Chris Little | 1 Jul 02:49 2003
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Re: CW8 on Mac OSX

on 6/30/03 10:58 AM, John Phillips at phillips <at> pacific.mps.ohio-state.edu
wrote:

> I was looking at the regerssion testing and I noticed that there are no
> results for Metrowerks Codewarrior 8 on Mac OS X. Is there a problem that
> leads to not including this result or is there just a lack of a test
> platform?
> If the problem is the lack of a test platform, I currently run CW8.3
> (The current latest version.) on Mac OS X 10.2.5 (Moving to 10.2.6 soon.),
> and I would be willing to try the tests. I cannot promise a timescale for
> this. I am a grad student and currently involved in a month long candidacy
> exam that started today, so my free time may be restricted for awhile.
> John
> 

John,

There isn't a problem I am aware beyond the usual lack of time.  I know that
it is on my to-do list to get CW8 configured to compile from the command
line (we use the IDE for everything at work) so I can run the regression
tests but it keeps sliding to the bottom of the list.

Chris

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Maxim Egorushkin | 1 Jul 07:19 2003
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Re: Re: Re: Boost::thread feature request: thread priority


"William E. Kempf" <wekempf <at> cox.net> wrote in message
news:1960.167.16.75.51.1057006070.squirrel <at> frodo.kempf-ville.com...

> Now, what you're describing sounds more like this:
>
> class timer
> {
> public:
>    timer(boost::function<void> on_event, int ms, bool repeat=false);
> };
>
> Which do you really want?

Yes, this is what I needed.

>
> As for "the problem was that I could be sure that the scheduler thread
> would receive its time slice exactly every 250 ms", you simply can't do
> this, portably or not.  Granularity issues of the underlying clock aside,
> I'm not aware of any scheduler that would give you this sort of control,
> and fiddling with the priorities will only give you the illusion that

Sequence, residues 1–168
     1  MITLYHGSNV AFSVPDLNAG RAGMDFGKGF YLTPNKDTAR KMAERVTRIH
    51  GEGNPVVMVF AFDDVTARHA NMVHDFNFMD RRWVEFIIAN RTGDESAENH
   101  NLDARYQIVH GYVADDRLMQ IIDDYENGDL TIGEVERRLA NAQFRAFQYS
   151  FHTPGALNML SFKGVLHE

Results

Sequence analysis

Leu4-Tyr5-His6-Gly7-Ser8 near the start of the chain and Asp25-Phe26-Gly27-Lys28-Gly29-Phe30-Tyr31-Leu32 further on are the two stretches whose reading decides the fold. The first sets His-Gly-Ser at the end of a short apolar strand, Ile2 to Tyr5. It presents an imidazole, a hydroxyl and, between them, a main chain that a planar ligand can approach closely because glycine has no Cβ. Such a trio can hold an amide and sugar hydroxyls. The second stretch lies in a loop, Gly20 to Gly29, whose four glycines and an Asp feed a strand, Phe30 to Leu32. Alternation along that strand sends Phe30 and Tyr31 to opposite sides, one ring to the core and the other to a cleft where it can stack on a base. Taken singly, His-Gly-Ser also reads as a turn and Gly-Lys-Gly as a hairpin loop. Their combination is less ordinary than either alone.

> you've accomplished what you want.

Totally agreed. I didn't solve the problem, rather I tryed to alleviate it.
You can look at it in the attachments. Finally, I switched to using win32
::CreateWaitableTimer() and ::RegisterWaitForSingleObject() functions.

begin 666 delayed_command_queue.cpp
M+R\O+R\O+R\O+R\O+R\O+R\O+R\O+R\O+R\O+R\O+R\O+R\O+R\O+R\O+R\O
(Continue reading)

Daryle Walker | 1 Jul 08:43 2003
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Filtered stream-buffer, part 2

For the past few weeks, some posters were talking about streambufs that 
can decorate another stream buffer.  I wrote up a second version at 
<http://groups.yahoo.com/group/boost/files/filter_stream.hpp>.

It moves the calling functions to the stream buffer class.  It adds 
example filtering functions to the filter class.  Management controls 
in the filter class have been made private, with the stream buffer 
class as a friend, to minimize subversion.

There's a bunch of allocator and string declarations in the code 
unused.  I was thinking of using them as buffers for extra characters 
read and/or written when the remaining stream buffer functions are 
modified.

Daryle

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Russell Hind | 1 Jul 10:00 2003
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Re: thread::current() ?

Philippe A. Bouchard wrote:
> 
> 
>         lock()...
>         if (thread() == f1 || thread() == f2)
>         {
>                 thread()..(whatever casts)...m_list;
>         }
>         unlock()...
>